Across four films, Gaspard Kuentz constructed a radical work pushing the frontiers of anthropology and cinema. His hybrid documentaries, characterised by the issue of ritual, are intense sensory experiences that move the viewer and invite him or her to question the world. A fine connoisseur of Japan, the director completed a three-month residence at Villa Kujoyama with Yasuhiro Morinaga to prepare for their next film.
Do you see yourself more as an anthropologist or film-maker?
My films focus on topics connected to anthropology, including how we relate to the world around us. But an anthropological study is trying to demonstrate something, and I do not take this scientific approach at all. My films are often classed as visual anthropology but for me they are cinema. My work is above all a graphic work of images and sound, designed to provide an immersive experience for the viewer.
Your work as a filmmaker, even though it offers an experimental approach to fiction, is exclusively documentary. Why have you chosen to do this?
Playing with the boundaries between fiction and documentary helps to mix them up and transgress them better. In my short film Uzu, I use dramatic devices from fiction for example. However, unlike fiction, where you invent a character before looking for an actor to interpret it, the idea of the film is born from encountering a person, place or event. This was the case in particular for my first film made with Cédric Dupire, We Don’t Care About Music Anyway, which depicted experimental musicians from Tokyo. I had known these musicians for several years, and it was they who somehow gave me the idea for the film.
Rituals are a theme running through your entire filmography. What do they tell us about our modern societies, particularly Japan?
Unlike mythology, which is an institutionalised canon, the ritual does not focus on saying, but doing. In Europe, there is a lot of focus on faith. In Japan or India, the important thing is not to believe or disbelieve, but to observe, in a very pragmatic way, the effect of the ritual. What recurs most in my films are rituals performed to communicate with the gods or with the dead and which comprise divination. This kind of ritual allows you to read signs in the enormous noise, the chaotic energy of the world, and give it meaning. From this point of view, I think that cinema is also a ritual.
How did the idea for your next movie come about? Saha - Le monde de souffrance (Saha – The world of suffering), which is about the journey of an old yakuza who was part of the largest crime syndicate in Japan?
The Japanese producer of my short film told me about Mr K, this 70-year-old yakuza who was sent to prison for ordering a murder. He had the opportunity to interview him while he was on the run. I have not been able to meet him, but we have been exchanging letters intermittently for four and a half years. He has spent his entire life in places of extreme insecurity, social struggles and criminal revolts. Through Mr K’s story, the film tackles this little-known post-war history of Japan deservedly, when its economic dynamics have been the most celebrated aspect up until now.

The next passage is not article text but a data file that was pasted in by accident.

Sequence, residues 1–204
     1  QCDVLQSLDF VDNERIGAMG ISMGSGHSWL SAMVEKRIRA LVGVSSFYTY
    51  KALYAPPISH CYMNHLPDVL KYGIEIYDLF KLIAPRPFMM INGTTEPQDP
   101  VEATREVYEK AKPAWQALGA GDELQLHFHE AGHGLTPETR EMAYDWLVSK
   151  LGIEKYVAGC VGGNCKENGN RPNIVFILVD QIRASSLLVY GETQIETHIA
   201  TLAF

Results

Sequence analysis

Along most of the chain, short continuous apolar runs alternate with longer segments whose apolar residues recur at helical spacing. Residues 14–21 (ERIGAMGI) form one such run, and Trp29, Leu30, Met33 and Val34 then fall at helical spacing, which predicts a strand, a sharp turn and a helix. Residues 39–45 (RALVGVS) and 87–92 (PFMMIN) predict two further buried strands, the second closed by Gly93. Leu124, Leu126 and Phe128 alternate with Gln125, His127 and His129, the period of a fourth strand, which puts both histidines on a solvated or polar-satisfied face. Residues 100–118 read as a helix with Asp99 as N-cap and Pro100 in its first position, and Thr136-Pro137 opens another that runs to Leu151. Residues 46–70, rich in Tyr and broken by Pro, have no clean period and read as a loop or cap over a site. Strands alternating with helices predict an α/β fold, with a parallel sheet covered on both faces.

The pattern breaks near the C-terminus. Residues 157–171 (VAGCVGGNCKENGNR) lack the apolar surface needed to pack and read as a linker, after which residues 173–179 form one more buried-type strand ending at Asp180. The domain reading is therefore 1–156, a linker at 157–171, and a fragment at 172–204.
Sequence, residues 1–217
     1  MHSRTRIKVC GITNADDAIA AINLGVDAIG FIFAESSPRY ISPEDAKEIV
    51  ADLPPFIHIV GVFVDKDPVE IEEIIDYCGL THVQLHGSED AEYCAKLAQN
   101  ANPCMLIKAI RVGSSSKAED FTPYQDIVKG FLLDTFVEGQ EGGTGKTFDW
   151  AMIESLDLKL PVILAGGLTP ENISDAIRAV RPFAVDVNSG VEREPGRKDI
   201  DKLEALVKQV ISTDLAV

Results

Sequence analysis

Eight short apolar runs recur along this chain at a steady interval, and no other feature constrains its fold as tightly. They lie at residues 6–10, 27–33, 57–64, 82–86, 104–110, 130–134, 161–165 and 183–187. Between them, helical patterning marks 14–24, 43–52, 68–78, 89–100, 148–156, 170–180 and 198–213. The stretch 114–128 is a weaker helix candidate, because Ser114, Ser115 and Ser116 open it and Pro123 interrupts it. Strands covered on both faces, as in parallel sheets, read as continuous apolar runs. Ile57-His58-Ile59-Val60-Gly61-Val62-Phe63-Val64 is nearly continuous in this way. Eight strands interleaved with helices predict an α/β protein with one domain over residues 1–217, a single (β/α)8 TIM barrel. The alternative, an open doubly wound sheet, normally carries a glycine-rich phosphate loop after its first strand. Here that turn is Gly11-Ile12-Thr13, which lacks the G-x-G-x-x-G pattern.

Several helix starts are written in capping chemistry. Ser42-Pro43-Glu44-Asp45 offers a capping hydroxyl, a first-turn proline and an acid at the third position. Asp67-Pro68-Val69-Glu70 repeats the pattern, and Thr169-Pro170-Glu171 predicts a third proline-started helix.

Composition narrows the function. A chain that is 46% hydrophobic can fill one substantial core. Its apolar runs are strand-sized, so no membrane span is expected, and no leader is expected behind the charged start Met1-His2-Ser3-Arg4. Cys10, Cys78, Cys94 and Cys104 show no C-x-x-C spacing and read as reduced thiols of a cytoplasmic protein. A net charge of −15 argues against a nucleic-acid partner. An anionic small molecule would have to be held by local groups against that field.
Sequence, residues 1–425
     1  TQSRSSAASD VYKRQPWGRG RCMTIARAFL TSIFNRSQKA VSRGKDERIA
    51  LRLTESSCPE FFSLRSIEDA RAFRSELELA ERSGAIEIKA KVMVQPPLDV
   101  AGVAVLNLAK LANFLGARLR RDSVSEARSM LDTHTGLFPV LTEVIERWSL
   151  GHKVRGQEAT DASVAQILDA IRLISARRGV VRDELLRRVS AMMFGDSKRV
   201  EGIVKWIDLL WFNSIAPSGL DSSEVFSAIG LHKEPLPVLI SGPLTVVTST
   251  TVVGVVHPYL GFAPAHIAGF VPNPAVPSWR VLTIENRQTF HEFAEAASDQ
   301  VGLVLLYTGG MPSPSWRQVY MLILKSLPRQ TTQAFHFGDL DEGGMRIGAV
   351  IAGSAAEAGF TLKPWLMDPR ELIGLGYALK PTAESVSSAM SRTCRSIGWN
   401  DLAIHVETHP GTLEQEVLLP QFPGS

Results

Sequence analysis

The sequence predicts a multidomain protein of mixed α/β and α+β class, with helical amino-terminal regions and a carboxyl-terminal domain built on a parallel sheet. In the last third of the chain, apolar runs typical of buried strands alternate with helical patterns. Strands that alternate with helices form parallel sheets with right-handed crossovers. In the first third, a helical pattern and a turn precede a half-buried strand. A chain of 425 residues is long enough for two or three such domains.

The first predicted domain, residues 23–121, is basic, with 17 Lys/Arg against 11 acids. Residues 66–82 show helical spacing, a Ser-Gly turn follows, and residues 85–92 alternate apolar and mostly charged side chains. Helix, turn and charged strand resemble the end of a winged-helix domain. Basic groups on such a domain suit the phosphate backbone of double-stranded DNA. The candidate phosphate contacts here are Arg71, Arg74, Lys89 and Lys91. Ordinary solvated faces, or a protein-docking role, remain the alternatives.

What has Yasuhiro Morinaga contributed to this project? What artistic relationship do you have with each other?
Yasuhiro Morinaga is a sound artist and has his own label, Concrete. We've known each other for a long time, especially as he was a sound designer on Uzu. While I has the idea for this new project, of course it was essential that I asked him to work with me on it. Sound is really the most important dimension of my films and our focus areas are very close.
You and Yasuhiro Morinaga had a three-month residence at Villa Kujoyama at the end of 2018. How did this stay enhance your work?
We first spent time in the village where Mr K grew up, visiting the places he mentions in his letters and meeting people who knew him. Then we went to Osaka in Kamagasaki district, Japan's best-known ghetto where daily labourers and yakuzas live. It is home to numerous political movements, associations and resistance organisations.
The next step will now be to seek funding and continue writing the film. We also intend to interpret the project in different forms, including a work of art in sound and possibly an exhibition based on the elements we collected during the residence.
This is not the first time that you have worked as a duo: your first three films are also the result of work of this kind. Do you see better with two pairs of eyes?
I made three films with Cédric Dupire: We Don't Care About Music Anyway, Kings of the Wind & Electric Queens and Prends, Seigneur, Prends (Take, Lord, Take) which we filmed during an exorcism festival in a gypsy community in Rajasthan. Being in a pair allows you to have a dialogue, to question yourself, to develop the form of a film. But for every film, all those people named in the credits are involved almost as much as me. For me, cinema is always a collaboration. It’s also about the people we film. We do not make a film about them, but with them.
With the camera as close as possible to the action and omnipresent sound and music, your films are truly sensory and immersive, almost hypnotic experiences. How does this form enlighten you?
A film must be a physical experience for the viewer. The image must overwhelm and the sound must be violent to inspire a state close to trance. Where words create a distance, sound is more animal. I make films to provoke these feelings. I have long distrusted words and my movies have often been more or less silent. I wanted to reduce this expression to a minimum. If I could use words, I would not need to make films.
Gaspard Kuentz, who won the Villa Kujoyama residence programme as part of a duo, stayed in Kyoto in 2018.
Villa Kujoyama, an artist's residency in Japan, is supported by the Institut français.
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